The Real First Freedoms

About 12 years ago, I attended a journalism conference in Washington D.C. that focused on the local press. We spent a lot of time discussing what makes good coverage, how to make decisions within a larger ethical framework, and the importance clean, well-written and creative writing.

While all of these discussions have stayed with me — and made me better at my job — it was our visit to the First Amendment Center that has had the most lasting impact. We discussed the martyrs to free speech, our roles as news people in the democratic process and the ways in which the First Amendments protections — the rights of speech, religion, press, assembly and petition — are the basis on which we can call us a free society.

Gun rights groups say they are protecting the “first freedom.” Veterans groups proclaim that freedom isn’t free, implying that our freedoms flow from the military. But the only freedoms that matter are the five outlined within the First Amendment. They are what sets our nation apart — not our military power, not our economic reach, nor any of the other reasons offered by the purported patriots

Not everyone views these rights the defining principle of our nation. These rights have been under siege from hostile politicians and prosecutors who view the press as impediments and the right to protest as radical and anti-American.

In North Dakota, radio journalist Amy Goodman was charged with criminal trespassing “after she reported on a clash between protesters and Dakota Access Pipeline security officers, who used dogs and pepper spray in an attempt to disperse the crowd,” according to Mother Jones.

The prosecutor in the case, Ladd Erickson, argued that Goodman’s reporting was one-sided and that she was not a journalist, reported Mother Jones, a notion that’s dangerous to our democratic institutions.

A judge agreed with Goodman’s attorney, dismissing the case and essentially calling it an intimidation tactic.

“It’s quite clear to us that the state’s intent is to silence the press,” Judge John Grinsteiner said (Mother Jones).

Goodman was probably the most high-profile arrest, but she is not the only American to face potential jail time for exercising their First Amendment rights. Documentary filmmaker Deia Schlosberg was arrested while filming demonstrators who shut down tar sands pipelines in Wallhala, Mother Jones also reported. And the New York Review of Books reported on the arrests of a librarian and library patron at an event featuring former US Middle East adviser Dennis Ross.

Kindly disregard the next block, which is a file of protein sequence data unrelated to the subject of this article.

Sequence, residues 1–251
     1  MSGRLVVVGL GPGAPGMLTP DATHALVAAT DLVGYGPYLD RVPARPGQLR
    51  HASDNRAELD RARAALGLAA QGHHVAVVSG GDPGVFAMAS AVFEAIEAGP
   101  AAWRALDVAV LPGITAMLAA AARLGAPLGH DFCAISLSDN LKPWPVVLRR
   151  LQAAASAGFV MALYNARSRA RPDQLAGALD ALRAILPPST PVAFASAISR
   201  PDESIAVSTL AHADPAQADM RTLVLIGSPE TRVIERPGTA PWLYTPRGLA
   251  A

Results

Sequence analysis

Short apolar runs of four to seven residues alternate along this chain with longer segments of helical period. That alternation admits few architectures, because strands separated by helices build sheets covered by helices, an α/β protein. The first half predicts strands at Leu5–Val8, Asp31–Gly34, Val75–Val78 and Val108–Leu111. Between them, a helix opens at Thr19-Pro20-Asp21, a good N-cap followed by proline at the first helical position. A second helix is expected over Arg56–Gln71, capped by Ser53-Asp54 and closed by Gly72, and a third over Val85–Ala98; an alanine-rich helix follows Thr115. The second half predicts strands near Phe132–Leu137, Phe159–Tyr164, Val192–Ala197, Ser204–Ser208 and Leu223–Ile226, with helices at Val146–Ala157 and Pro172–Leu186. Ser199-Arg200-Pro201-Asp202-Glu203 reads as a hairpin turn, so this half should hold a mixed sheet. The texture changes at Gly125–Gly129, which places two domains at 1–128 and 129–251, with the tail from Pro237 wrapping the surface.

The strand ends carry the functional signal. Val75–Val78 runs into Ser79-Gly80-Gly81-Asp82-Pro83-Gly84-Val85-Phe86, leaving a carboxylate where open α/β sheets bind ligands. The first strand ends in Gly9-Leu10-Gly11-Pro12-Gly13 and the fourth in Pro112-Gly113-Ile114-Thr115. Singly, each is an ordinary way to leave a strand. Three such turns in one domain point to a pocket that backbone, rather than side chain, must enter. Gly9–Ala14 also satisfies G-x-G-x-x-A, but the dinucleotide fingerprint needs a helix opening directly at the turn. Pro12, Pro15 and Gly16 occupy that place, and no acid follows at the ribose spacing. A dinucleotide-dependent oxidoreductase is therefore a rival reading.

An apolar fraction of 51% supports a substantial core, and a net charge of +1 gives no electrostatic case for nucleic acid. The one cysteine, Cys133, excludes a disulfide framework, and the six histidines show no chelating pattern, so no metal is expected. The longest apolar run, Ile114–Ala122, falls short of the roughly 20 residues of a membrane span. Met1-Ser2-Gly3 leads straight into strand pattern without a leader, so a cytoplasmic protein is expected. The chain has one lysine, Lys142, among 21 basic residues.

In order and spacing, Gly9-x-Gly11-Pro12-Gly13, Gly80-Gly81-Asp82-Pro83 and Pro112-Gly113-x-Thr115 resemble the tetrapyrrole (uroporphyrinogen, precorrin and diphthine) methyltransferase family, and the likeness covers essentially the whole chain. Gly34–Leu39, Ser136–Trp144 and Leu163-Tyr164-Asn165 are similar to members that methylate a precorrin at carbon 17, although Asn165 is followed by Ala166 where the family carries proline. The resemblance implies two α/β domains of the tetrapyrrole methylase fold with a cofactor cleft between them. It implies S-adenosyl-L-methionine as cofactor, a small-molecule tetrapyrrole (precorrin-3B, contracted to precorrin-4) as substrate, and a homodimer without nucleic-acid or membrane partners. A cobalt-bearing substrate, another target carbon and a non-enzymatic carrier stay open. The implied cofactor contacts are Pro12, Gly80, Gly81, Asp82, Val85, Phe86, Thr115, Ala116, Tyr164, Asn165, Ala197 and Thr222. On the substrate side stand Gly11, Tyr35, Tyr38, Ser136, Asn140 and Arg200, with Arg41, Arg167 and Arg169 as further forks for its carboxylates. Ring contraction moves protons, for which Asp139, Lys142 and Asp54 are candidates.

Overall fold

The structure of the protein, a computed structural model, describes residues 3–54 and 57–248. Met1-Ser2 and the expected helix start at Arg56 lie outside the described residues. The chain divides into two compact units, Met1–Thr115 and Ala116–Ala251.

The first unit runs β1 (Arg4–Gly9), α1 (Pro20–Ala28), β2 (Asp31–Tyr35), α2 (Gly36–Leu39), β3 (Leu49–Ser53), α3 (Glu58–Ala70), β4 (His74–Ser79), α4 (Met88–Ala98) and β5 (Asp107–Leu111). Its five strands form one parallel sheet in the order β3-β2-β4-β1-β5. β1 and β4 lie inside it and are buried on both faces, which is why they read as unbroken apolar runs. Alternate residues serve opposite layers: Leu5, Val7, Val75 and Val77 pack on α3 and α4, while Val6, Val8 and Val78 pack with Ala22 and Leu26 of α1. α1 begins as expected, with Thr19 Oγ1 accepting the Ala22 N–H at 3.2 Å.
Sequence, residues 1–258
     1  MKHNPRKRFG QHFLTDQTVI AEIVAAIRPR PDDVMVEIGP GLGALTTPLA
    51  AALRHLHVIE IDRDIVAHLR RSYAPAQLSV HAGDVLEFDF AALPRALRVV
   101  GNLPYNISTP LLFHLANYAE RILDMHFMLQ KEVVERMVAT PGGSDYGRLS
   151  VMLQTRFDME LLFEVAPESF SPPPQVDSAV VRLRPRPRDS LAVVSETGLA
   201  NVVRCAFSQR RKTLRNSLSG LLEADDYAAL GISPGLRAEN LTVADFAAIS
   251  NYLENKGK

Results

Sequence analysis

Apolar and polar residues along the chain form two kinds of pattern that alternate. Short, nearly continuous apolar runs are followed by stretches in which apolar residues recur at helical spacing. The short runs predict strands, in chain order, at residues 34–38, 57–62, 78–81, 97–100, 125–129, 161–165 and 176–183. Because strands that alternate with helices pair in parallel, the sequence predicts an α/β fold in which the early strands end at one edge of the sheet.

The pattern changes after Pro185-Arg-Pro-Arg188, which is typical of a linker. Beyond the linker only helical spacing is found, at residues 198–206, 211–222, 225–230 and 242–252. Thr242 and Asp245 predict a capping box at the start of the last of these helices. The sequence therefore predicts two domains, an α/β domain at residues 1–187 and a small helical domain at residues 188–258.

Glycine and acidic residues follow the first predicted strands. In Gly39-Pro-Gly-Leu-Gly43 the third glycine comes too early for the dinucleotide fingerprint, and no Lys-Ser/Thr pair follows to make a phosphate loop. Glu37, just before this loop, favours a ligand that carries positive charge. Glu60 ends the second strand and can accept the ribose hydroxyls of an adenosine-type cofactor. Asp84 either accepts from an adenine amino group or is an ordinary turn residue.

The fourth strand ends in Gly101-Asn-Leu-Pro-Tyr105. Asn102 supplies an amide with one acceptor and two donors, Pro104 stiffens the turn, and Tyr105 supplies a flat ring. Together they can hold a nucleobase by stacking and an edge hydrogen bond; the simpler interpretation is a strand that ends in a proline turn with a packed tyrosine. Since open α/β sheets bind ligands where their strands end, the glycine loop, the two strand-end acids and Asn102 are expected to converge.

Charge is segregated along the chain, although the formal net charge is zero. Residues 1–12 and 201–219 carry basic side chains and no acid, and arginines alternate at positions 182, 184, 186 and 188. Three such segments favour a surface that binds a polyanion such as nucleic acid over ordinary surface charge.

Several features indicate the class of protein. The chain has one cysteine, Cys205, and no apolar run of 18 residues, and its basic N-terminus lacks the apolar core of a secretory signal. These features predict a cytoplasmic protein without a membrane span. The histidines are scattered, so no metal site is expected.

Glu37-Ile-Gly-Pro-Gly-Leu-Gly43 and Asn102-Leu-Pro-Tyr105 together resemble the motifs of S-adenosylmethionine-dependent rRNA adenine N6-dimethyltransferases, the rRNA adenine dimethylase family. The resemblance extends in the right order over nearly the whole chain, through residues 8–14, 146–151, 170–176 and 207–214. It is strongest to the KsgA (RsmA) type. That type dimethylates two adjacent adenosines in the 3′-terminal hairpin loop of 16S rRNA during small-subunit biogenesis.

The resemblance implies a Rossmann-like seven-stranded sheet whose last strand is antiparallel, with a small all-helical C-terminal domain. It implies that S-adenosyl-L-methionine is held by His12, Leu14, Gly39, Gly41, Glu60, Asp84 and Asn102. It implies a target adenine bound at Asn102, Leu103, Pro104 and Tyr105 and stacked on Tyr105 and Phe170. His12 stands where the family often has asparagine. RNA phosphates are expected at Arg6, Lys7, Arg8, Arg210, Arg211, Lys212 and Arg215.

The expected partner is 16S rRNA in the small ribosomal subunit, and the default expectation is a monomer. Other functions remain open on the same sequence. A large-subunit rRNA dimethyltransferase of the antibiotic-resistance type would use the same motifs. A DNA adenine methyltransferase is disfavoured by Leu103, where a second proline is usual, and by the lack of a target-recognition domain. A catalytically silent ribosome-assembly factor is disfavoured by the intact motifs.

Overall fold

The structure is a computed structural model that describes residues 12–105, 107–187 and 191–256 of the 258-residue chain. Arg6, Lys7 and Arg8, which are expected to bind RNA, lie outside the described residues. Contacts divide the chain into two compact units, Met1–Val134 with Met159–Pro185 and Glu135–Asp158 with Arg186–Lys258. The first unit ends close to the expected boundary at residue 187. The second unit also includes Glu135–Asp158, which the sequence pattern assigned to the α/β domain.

At the same time, we have public condemnation of protests as terrorism (Black Lives Matter) and unpatriotic (Colin Kaepernick and other athletes kneeling during the national anthem), the corporate silencing of out-of-the-mainstream opinions (Curt Schilling and Phil Robertson today; the Dixie Chicks and Bill Mather in the not-so-distant past), a major party presidential candidate musing about violence against protesters and news outlets, banning reporters and calling for restriction on speech even as he advocates for speech by others (Donald Trump), and so on.

The dangers here should be obvious. But too many of us judge these threats from the perspective of our political ideology. Trump bemoans political correctness – by which he means the right to spout racist speech – while calling for censorship of news outlets. At the same time, I have friends who see symbolic acts – the hanging of politicians in effigy, for instance – as overt and prosecutable threats, who gleefully applaud when corporations use their bottom lines as an excuse to punish conservatives for their speech.

It has become a cliché to cite the French political philosopher Voltaire (though the comment, apparently, was first proclaimed by the writer Evelyn Beatrice Hall) in defense of speech, but the line is worth repeating: “I do not agree with what you have to say, but I’ll defend to the death your right to say it.” And that goes not just for Natalie Maines, but for Curt Schilling, for the Huffington Post and Breitbart News, for Occupy Wall Street and the Tea Party.

Hank Kalet is a poet and journalist in New Jersey. Email; blog; Twitter @newspoet41 and @kaletjournalism; Instagram, @kaletwrites;

From The Progressive Populist, November 15, 2016

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